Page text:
Colt Becker has spent a lot of time traveling. But it hasn’t been about vacations or field trips. Colt’s trips have saved his life. 

Colt’s family, which includes his mother, father and older brother, moved to Clemson in 2013 when he was just six weeks old. 

“A year later – three weeks after his first birthday – he was diagnosed with neuroblastoma,” Kathy Becker, Colt’s mother said. 

The rare form of cancer resulted in an abdominal tumor. 

Becker said Colt had great care, including chemotherapy, at Prisma Health-Upstate (then Greenville Health System), but when he needed to see a physician who specialized in his condition, the family had to travel to New York to Memorial Sloan Kettering Cancer Center. He had surgery there in February 2015.

“They removed a softball-sized tumor from his abdomen,” Becker said.

By April 2015, Colt’s cancer was considered cleared. That trip to New York was financially draining, but it was just one of many the family would face. By February 2016, Colt’s tumor returned in the same place. Some of his treatment took place in Greenville and some in New York. A social worker in Greenville told the family about Children’s Cancer Partners of the Carolinas, a nonprofit organization based in Spartanburg that provides comprehensive support to families whose child has cancer. 

“It was huge,” Becker said. 

Following another surgery in New York, Colt was in intensive care for several weeks. The support from Children’s Cancer Partners helped the Beckers travel and more. 

“Not only did they help us all go up for the surgery, but they really helped us stay together as a family and all be there to support Colt,” Becker said. “I think we’ve been to New York 18 – 20 times in the last three years. Sloan Kettering is the specialist in neuroblastoma. Without Children’s Cancer Partners, we would not be able to maintain that connection and get the best care for Colt.”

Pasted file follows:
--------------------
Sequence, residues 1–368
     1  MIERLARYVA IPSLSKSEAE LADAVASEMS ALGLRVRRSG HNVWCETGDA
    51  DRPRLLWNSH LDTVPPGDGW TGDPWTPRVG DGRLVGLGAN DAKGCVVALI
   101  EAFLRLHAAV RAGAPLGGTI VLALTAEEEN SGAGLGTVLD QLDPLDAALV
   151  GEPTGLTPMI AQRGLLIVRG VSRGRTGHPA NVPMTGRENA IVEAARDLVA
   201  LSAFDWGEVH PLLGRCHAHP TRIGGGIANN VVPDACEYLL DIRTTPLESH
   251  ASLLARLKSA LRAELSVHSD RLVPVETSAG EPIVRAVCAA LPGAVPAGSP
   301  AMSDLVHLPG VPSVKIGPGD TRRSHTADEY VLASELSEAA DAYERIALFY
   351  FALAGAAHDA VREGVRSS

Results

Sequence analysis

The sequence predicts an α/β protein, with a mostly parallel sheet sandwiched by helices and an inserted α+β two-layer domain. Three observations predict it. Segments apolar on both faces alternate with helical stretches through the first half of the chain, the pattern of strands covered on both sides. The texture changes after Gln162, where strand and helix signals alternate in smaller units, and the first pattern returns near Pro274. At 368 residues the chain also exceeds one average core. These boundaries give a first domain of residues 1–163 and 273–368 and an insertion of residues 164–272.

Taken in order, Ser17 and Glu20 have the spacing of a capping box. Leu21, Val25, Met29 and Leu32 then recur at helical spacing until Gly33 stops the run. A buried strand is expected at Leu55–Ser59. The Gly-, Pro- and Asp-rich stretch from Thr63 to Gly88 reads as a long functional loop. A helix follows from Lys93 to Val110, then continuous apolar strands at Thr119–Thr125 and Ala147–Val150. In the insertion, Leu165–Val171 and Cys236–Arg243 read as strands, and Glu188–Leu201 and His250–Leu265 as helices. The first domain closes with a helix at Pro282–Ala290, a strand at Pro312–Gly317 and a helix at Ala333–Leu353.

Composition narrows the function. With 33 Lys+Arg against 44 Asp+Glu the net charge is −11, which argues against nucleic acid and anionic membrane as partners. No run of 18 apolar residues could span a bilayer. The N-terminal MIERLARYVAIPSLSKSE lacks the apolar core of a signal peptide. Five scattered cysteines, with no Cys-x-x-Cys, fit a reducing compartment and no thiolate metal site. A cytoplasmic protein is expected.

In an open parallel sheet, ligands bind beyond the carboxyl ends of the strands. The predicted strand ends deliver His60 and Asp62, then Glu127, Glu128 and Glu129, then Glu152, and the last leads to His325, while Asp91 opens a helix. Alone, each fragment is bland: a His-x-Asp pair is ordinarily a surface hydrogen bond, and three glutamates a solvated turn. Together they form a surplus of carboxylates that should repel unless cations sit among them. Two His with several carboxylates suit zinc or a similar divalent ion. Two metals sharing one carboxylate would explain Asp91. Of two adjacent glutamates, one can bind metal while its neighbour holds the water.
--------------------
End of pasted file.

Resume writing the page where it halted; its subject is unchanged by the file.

Now that her family is on a different path, Becker is an outspoken advocate for the nonprofit – she wants to encourage others to donate and volunteer, but she also wants families touched by pediatric cancer to know that help is available. 

“Colt is clear as of April 2018,” she said. “We still have to do scans every three months. We alternate between Greenville and New York. I don’t know if we would be able to keep seeing the specialists without Children’s Cancer Partners. They have been huge for us. But they’ve also been a great support on the home front.”

Becker said that because of the frequent medical travel required, her family doesn’t get true vacation time. They have enjoyed Children’s Cancer Partners’ family camp in the summer and other events that connect them with families who understand what they have been through. 

“The most important thing is to take care of your child,” Becker said. “When you have somebody like Children’s Cancer Partners who can take some of those stresses away for you, you can focus on your child.”

September is Childhood Cancer Awareness Month. It is estimated that more than 11,000 children will be diagnosed with cancer in the United States this year. Learn more at https://www.childrenscancerpartners.organd 

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